In recent years, Greece has experienced more severe right-wing violence per capita than any other country in Western Europe. It is long past time for a more comprehensive and effective response to far-right extremism.
Image may contain: People, Marching, Police, Event, Crowd. Only a few months ago, on July 2, a 49-year-old man was sentenced to 5 years in prison for two serious racist offenses, including an arson attack against the Afghan community center in downtown Athens. Additionally, he received a 15-months verdict for a bomb threat, public incitement to hatred, and illegal weapon possession. The man, a former translator and university employee, had been identified as the leader of a small fascist organization called Krypteia, named after an ancient Spartan state institution, which, most likely, functioned as a secret police. The group, which emerged in the shadow of the parliamentary turn of the neo-Nazi party Golden Dawn (GD), was responsible for several attacks targeting migrants and left-wing activists between 2017 and 2019.
This example of far-right extremism is far from unique. In fact, in recent years, Greece has witnessed violence carried out by members of the GD, increased far-right vigilantism on the islands, as well as organized right-wing militancy resulting from the naming dispute with today’s Republic of Northern Macedonia. Therefore, if anyone was in doubt, far-right violence clearly continues to be a major challenge in contemporary Greek society. A recent report from Center for Research on Extremism (C-REX), University of Oslo, shows that Greece has experienced more severe right-wing violence per capita between 2016 and 2019 than any other country in Western Europe. Although few have been killed in these right-wing attacks, there have been as many as 3.1 severe violent incidents per million inhabitants in Greece compared to 1.3 in Germany, the other far-right hotspot in Western Europe. In other countries with relatively high levels of violence, such as Italy and the UK, the ratio is 0.7 and 0.6, respectively. The report, which is based on the unique RTV-dataset developed by C-REX, aims to cover all severe forms of right-wing violent attacks and plots in Western Europe since 1990. This includes all cases in which the perpetrator(s) appear determined or willing to inflict deadly or physically disabling injury on the victim(s). Because there will be many right-wing attacks that are less severe, also in Greece, the dataset only covers the ‘tip of the iceberg’. However, it does so in a systematic way, allowing us to compare levels of violence over time and across countries. The report shows that while many countries have very few cases of severe right-wing violent attacks and plots between 2016 and 2019, there were no less than 33 such events in Greece. Most of these events took place in Athens, including neighboring places like Villa and Piraeus (17 in total). However, several severe violent events in 2018 and 2019 also occurred in major cities like Thessaloniki, on the isle of Lesbos and in region of Macedonia.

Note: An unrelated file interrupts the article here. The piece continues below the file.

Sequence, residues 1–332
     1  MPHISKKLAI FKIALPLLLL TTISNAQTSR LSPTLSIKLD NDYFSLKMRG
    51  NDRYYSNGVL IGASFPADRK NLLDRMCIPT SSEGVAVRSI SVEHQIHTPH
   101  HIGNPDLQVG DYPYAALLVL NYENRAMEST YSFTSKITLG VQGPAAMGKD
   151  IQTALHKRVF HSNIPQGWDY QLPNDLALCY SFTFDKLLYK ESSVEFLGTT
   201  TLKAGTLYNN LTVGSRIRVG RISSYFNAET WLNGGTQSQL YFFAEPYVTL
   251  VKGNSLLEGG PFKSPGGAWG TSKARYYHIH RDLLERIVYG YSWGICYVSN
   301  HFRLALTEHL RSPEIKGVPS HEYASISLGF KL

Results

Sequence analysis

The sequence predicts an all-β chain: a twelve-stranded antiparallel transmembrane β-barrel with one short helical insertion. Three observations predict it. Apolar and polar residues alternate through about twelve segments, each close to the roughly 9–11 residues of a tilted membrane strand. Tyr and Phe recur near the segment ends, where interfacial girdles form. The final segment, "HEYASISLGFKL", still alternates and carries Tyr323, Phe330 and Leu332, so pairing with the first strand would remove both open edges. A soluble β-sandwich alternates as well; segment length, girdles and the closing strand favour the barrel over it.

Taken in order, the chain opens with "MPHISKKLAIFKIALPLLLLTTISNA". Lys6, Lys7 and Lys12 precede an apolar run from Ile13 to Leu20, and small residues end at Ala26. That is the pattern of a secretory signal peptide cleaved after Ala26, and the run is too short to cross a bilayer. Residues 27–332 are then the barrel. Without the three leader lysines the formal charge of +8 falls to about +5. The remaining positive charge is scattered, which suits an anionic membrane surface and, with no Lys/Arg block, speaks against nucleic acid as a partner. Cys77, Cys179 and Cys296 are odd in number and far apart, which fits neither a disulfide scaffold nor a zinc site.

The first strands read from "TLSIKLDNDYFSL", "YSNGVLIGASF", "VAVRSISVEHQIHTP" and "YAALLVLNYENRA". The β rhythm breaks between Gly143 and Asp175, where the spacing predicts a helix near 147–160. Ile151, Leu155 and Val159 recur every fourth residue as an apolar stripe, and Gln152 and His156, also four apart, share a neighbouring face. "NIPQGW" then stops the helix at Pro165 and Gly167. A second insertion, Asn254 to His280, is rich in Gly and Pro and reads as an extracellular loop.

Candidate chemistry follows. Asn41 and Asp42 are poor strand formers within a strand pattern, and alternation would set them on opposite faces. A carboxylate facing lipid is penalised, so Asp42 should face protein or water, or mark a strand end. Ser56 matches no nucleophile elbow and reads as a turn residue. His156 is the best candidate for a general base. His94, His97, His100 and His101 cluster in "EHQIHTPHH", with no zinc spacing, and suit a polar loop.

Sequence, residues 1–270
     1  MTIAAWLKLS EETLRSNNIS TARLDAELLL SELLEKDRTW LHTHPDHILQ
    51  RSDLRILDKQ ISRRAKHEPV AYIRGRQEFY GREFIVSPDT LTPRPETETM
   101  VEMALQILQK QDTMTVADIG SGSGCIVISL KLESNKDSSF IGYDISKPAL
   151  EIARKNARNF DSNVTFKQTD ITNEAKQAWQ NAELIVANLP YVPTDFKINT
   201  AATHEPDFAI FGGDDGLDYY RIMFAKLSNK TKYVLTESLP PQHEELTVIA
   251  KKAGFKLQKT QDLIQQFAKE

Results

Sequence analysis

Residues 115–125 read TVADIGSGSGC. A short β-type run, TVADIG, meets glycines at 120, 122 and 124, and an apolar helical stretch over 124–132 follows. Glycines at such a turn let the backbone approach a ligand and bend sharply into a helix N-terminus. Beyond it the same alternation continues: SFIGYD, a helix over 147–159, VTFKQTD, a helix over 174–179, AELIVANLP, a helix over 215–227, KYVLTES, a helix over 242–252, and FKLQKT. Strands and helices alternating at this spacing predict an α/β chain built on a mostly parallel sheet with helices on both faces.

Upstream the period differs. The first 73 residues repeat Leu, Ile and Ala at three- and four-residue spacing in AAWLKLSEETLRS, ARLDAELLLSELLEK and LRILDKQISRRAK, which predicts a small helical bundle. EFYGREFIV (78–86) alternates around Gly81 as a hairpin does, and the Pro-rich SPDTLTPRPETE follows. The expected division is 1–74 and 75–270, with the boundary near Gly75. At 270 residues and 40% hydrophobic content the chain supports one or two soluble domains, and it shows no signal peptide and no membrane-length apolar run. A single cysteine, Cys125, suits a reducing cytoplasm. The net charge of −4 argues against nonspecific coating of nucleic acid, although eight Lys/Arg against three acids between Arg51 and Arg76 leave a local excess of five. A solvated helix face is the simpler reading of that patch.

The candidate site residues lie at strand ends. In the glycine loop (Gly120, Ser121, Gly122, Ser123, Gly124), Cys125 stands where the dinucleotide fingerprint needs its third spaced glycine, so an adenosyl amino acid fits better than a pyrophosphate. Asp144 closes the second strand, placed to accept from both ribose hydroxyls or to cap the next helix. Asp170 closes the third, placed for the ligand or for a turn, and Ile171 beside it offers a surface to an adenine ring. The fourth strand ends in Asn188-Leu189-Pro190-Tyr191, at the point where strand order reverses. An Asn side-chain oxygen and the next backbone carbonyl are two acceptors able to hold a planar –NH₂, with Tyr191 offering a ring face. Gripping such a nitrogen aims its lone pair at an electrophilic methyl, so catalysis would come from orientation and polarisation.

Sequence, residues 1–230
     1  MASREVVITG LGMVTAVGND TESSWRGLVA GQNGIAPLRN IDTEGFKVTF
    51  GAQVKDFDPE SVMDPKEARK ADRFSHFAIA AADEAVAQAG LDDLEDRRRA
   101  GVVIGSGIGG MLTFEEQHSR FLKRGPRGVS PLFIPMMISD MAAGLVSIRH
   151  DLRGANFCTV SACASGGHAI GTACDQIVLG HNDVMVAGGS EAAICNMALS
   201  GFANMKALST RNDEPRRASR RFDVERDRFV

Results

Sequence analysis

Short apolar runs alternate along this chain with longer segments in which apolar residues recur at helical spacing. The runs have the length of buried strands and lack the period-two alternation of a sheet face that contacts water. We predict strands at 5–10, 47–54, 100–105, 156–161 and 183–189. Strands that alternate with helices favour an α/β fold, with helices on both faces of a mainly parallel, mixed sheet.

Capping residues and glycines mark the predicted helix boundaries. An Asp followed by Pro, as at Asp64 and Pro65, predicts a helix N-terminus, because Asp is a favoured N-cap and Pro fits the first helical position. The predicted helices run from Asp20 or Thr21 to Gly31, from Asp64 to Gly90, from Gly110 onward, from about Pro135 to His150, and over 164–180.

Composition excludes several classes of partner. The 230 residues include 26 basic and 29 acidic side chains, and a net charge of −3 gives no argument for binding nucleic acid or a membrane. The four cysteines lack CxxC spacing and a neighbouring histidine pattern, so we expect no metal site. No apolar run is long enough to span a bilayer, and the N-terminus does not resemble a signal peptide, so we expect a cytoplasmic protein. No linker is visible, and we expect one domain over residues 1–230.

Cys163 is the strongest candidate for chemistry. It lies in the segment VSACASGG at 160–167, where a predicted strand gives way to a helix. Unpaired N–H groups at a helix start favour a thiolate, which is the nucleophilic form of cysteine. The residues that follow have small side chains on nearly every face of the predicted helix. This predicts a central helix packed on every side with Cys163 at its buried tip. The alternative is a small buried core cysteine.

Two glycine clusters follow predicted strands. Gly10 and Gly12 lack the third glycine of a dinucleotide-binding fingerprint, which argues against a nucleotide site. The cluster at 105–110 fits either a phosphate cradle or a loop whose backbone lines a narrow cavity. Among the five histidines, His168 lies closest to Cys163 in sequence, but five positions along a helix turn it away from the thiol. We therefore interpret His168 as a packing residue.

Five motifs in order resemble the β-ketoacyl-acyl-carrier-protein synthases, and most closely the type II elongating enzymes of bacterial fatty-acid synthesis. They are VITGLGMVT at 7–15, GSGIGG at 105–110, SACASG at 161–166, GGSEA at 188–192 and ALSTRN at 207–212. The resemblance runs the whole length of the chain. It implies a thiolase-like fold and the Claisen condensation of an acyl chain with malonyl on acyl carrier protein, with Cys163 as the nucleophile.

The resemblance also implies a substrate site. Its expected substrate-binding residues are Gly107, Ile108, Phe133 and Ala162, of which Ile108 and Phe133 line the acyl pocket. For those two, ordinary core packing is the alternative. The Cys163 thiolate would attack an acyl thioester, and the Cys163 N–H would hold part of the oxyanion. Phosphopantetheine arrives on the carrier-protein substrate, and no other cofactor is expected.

The nature of far-right violence in Greece While Greece has a long history of political violence in general, the country has experienced the surge of right-wing violence since 2011 in particular – marked by the racist riots in the center of Athens, which coincided with the rise of Golden Dawn. In a comparative perspective, the nature of this violence from the far right in Greece during the last decade seems rather unique: the most common perpetrator type resembles other Southern European countries, while typical target groups are more similar to Northern Europe. In Greece, far-right violence is typically more organized and so-called ‘lone actors’ hardly exists. In fact, this type of violence is not only far more organized than in most other countries, it also seems largely premeditated rather than spontaneous (as in for example Spain). In other words, violence is part of deliberate political strategy. The existence of a successful neo-Nazi party GD is the key factor. Although this party was well represented in parliament between 2012 and 2019, it never stopped acting as a movement characterized by violence and other forms of confrontational activism. Only in 2019, there were four severe attacks committed by organized groups and their affiliates, of which three involved GD-members.

via c-rex: Greece: More far-right violence than any other country in Western Europe